Content Development: How to Respond to Customer Comments on Facebook
The goal of social media is to engage your customers — that’s why you should be asking questions and encouraging conversations on your Facebook page. But to really stimulate those who have “liked” your page, you need to talk back. Your Facebook e-marketing strategies should incorporate this kind of two-way chatting.
There are basically three kinds of comments you’ll get on your wall:
- Kudos! This is always the best kind of comment to find on your Facebook page. A customer has taken time out of their day to share how much they love your business or how you’ve helped them in the past. Even though this is a positive situation, you should still respond! If someone posts a compliment on your wall or posts a good rating, you should “like” the post and then reply with a “Thank you, (name)!” If the customer also shares a photo with their compliment, you can re-share it to the page so more of your other customers can see it.
- Negative review. You might feel a tightness in the pit of your stomach when you see a negative comment or review posted for all the world to see on Facebook. Here is what you should NOT do from a public relations standpoint: delete the comment or attack back. If you do get flustered, it’s best to walk away and approach it later. In your response, you should apologize to the customer that they feel they had a bad experience (not necessarily admitting fault). You can post clarifying details if necessary, but do so in a friendly way that isn’t blaming the customer. Keep it brief and polite. If you want a second chance with this particular customer, ask them to give you another shot by offering a discount or freebie. If you decide to send them a private message, reply to their comment on your wall stating that you will message them privately — this way other customers know you are addressing the comment.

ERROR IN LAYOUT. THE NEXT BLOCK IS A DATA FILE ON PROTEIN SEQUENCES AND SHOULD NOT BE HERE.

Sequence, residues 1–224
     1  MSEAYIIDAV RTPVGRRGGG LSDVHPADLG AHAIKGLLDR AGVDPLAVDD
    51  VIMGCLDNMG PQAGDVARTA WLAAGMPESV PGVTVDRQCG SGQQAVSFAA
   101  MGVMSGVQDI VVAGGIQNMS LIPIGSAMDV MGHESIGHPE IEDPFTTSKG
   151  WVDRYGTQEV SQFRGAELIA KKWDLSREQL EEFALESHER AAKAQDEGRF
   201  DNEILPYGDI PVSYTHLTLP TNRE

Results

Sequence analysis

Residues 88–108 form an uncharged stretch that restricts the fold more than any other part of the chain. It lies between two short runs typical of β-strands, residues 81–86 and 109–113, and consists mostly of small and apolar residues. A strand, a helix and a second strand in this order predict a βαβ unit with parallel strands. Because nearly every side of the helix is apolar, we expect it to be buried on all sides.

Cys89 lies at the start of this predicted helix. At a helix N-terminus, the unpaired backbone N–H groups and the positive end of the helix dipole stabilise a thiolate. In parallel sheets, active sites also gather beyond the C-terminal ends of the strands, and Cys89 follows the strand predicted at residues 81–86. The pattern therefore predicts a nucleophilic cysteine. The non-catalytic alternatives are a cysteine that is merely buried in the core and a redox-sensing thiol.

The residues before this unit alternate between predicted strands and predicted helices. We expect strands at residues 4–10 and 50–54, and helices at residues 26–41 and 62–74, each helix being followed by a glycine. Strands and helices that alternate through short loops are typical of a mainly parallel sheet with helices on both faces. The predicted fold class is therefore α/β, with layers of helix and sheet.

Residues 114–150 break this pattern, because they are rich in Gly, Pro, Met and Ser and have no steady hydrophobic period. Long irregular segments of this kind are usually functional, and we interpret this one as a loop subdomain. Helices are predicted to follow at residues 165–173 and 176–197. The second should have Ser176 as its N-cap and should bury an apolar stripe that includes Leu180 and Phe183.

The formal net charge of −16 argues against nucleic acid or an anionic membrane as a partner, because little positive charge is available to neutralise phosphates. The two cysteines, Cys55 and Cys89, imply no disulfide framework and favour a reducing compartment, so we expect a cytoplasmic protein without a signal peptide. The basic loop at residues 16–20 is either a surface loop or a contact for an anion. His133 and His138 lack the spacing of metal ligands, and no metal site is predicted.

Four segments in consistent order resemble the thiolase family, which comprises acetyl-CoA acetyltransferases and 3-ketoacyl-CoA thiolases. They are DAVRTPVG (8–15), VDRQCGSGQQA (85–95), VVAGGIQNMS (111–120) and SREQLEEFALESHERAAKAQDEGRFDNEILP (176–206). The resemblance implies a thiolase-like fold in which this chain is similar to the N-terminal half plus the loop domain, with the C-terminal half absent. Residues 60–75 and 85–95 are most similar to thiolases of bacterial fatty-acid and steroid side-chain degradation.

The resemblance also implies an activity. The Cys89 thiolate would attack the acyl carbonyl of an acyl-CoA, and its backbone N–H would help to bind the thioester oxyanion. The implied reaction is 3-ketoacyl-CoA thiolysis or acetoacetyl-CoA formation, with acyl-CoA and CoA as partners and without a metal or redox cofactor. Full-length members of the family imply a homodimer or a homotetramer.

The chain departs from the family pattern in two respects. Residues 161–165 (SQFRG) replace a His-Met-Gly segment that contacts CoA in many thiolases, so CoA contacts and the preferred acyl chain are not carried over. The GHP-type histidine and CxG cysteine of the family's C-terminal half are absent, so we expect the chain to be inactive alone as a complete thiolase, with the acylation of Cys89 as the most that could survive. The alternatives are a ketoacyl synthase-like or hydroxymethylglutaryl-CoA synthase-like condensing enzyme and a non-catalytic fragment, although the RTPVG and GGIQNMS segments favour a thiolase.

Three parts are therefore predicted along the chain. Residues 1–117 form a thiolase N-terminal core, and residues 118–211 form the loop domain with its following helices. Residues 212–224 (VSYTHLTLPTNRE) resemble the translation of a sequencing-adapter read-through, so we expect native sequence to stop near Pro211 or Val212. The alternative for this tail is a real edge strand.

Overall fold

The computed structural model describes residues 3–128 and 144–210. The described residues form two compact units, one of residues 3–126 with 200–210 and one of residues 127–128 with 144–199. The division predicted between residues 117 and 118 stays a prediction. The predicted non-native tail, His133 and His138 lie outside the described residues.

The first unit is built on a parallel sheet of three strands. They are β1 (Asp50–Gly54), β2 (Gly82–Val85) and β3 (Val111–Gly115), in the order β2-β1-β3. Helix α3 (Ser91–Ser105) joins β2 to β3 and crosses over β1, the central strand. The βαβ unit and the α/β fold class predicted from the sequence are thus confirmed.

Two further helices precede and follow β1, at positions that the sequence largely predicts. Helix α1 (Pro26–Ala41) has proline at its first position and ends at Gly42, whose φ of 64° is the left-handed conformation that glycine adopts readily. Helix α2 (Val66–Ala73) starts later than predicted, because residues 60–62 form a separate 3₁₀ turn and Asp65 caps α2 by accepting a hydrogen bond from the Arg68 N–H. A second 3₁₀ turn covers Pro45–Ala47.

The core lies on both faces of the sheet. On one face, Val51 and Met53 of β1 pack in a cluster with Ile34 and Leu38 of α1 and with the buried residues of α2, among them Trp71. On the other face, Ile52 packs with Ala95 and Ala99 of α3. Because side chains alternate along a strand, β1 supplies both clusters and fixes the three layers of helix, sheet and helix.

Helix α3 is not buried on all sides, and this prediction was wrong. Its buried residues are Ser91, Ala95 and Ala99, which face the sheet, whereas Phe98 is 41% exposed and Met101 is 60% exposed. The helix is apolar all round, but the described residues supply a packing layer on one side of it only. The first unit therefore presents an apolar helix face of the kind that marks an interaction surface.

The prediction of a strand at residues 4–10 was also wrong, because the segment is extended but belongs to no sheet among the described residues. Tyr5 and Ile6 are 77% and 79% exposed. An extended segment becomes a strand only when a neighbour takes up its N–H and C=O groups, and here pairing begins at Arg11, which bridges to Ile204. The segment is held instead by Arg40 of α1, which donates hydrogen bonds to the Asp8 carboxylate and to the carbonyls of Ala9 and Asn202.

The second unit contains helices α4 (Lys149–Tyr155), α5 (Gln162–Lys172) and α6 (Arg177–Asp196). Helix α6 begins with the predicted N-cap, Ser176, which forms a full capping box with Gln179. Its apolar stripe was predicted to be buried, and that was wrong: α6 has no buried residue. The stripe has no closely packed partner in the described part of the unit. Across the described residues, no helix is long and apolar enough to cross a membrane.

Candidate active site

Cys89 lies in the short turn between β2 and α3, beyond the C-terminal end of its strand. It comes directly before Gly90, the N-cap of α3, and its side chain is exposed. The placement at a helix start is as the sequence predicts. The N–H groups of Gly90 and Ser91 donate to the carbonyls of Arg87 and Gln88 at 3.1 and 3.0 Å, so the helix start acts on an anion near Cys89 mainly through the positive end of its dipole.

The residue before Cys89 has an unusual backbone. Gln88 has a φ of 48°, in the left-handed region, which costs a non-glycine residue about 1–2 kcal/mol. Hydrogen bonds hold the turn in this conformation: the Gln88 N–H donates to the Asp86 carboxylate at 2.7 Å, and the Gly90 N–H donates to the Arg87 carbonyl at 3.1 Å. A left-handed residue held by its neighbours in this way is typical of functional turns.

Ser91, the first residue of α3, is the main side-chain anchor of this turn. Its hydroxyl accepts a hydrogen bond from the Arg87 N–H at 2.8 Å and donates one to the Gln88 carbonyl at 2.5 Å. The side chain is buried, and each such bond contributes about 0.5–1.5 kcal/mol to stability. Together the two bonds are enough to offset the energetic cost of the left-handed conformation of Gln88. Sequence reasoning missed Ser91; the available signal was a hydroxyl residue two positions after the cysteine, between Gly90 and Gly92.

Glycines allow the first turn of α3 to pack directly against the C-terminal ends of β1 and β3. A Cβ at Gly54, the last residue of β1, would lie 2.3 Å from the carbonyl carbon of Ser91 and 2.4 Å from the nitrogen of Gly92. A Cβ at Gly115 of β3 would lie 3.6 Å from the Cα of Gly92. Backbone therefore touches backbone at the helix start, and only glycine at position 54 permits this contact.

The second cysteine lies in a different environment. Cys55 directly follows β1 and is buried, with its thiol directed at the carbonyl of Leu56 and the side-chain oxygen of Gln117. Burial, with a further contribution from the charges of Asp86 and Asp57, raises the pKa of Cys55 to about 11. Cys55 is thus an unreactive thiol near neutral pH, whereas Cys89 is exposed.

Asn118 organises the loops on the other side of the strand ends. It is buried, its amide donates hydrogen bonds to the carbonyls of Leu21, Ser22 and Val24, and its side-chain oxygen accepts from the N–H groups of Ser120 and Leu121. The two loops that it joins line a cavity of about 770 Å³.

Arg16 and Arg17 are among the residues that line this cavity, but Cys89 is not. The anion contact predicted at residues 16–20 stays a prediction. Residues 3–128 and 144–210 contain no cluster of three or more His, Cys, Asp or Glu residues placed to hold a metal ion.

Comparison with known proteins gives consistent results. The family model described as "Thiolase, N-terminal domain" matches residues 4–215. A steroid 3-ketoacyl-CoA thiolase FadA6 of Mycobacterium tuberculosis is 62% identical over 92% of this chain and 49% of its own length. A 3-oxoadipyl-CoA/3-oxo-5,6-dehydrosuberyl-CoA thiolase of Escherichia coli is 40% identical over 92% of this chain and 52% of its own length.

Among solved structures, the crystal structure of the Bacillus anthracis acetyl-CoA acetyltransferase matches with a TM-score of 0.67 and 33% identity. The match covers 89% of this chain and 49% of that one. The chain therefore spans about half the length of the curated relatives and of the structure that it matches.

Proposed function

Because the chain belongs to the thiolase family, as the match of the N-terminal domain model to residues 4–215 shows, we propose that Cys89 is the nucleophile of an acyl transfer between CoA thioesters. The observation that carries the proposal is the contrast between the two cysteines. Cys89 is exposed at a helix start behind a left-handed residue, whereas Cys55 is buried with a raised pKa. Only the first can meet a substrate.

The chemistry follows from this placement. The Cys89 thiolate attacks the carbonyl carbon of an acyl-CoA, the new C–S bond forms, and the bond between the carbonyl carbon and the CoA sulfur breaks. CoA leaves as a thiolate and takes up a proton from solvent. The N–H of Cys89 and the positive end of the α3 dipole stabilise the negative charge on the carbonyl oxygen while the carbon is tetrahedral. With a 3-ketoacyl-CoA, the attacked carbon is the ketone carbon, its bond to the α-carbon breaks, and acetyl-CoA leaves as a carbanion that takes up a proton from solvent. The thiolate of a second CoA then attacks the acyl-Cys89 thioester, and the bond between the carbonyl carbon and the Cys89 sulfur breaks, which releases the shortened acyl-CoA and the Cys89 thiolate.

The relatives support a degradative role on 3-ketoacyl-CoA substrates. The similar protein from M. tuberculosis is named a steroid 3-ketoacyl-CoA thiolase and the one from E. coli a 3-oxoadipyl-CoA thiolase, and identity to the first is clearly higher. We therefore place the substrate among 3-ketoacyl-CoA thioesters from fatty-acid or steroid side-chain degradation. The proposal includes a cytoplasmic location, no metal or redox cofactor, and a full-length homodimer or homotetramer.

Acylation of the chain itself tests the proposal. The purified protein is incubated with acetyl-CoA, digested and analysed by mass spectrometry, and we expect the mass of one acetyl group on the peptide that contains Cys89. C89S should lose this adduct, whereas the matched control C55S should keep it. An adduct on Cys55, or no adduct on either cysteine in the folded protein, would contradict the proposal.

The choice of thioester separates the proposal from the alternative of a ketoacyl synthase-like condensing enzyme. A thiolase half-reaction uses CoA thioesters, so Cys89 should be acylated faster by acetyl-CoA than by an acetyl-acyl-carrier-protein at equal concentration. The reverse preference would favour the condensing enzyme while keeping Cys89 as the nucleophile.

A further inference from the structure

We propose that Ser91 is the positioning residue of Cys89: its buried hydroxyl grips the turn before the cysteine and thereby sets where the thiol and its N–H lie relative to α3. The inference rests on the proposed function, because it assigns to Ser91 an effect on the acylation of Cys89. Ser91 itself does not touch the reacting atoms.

- Customer with a problem trying to get help. Sometimes if a customer can’t find your customer service line or if they haven’t had luck getting help from your staff, they will post a question or concern on your public page. These can sound rather scathing, but the customer is likely just frustrated that normal channels haven’t worked. State in a comment that you’ll send them a private message, then do so asking for contact information, more details or whatever you need to get their concern addressed quickly.
Social media provides a new tool to engage with the public about your relations with current and former customers. Facebook e marketing strategies need to have conversation as a goal, or you may turn away more people than you attract.